Mumbai-based celebrity nutritionist Pooja Makhija has said that food could be your friend in fighting obesity and claimed that people usually eat only that much amount which they can burn off.
Makhija, a food guide to the likes of Sushmita Sen and Himangini Singh Yadu, who was June 16 crowned Miss Asia-Pacific World 2012, said: "Today the perceived form of food is calories, fat, more fat and cholesterol."
Advertisement"Food has become an enemy, it sparks fear. Food has lost its root purpose of serving as fuel for the body," Makhija told IANS at the launch of her book "Eat. Delete: How To Get Off the Weight Loss Cycle For Good (Harper-Collins India)" in the capital Tuesday.
All of us try not to give in "to the love of food", said the nutritionist, who has counselled nearly 15,000 people in the last 10 years.
About 98 percent of her patients are women and are young.
"Food drives us. The purpose of writing the book is to make readers fall in love with food again. The more one eats, the more one deletes. You can eat only that much you can burn off...It is a natural mechanism," Makhija said.
Describing the dynamics of food, Makhija said the process of burning calories was linked "to something known the Basal Metabolic Rate or the BMR".
"The more you eat, the more BMR fuels (burns). The process of digestion itself is burning of calories. I have taken the mind-body approach to food in my book with help from (leading psychiatrist) Anjali Chhabria," Makhija said.
The barriers in guiltless eating are numerous, Makhija said.
"Many people don't want to disclose that they are in a weight loss programme. I have tried to get into the mind of a person who is trying to loose weight," she said.
"We must learn to look at food before learning to cook," the nutritionist said.
"It depends on the kind of relationship one has with food. You can have three kinds of relationship with food: the daily diet of dal-sabzi-roti-chawal (the regular Indian platter) is one's best friend. Chocolate and sweetmeats can be one's good friends to be visited occasionally while fried food and mutton are one's acquaintances to be met rarely," she explained.
"Once a person gets the relationship with food right, eating is no longer troublesome," she said.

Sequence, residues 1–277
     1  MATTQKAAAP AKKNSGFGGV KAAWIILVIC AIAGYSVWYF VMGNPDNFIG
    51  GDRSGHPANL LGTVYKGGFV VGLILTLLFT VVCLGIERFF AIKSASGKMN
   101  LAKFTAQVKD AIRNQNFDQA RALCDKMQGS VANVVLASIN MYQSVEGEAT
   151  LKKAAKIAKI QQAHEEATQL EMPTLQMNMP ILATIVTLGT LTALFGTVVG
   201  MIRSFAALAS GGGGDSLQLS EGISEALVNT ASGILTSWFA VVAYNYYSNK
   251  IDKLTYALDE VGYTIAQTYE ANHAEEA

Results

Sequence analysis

Makhija also denounces the "quick fix approach" to food and losing weight.
In her book, she takes pains to remove misconceptions about weight loss and crash diets by guiding readers through the semantics of food.
Know your food, exert the mind on the platter, understand your mind, trust your body, eat and move to lose weight, the nutritionist advises.
There is an upside to this paranoia about food as well, Makhija said.
"I am seeing lot of people finally becoming aware of food; their relationship with food is changing. Indians have realised the connection of food to health," the nutritionist said.
She says this awareness about healthy eating has been brought about by the media, books and the "spurt in lifestyle-related health hazards like heart attacks and diabetes".
Unveiling the book, former supermodel and Bollywood star Sushmita Sen said: "Pooja Makhija is responsible for her current size 6". Sen said she went to Makhija at a time when the media was abuzz about her weighty frame.
Makhija put her on small bowls of food once a day and a health juice - which she hated drinking. "But it improved my hair, complexion and my mind. I was able to think straight," Sen said.
"Earlier I looked upon food as a temptation, but I now have a balanced relationship with it. I remember how I started with a bowl in my hand (with Pooja)," Sen told IANS.
As for her favourite platter, the Bengali inside Sen crept out: "I love anything with posto (poppy seeds- a traditional Bengali spice), sorshe maach (fish in mustard sauce) and nalen gurer sandesh (traditional jaggery sweetmeat). My father brings the traditional jaggery savouries from Kolkata..."
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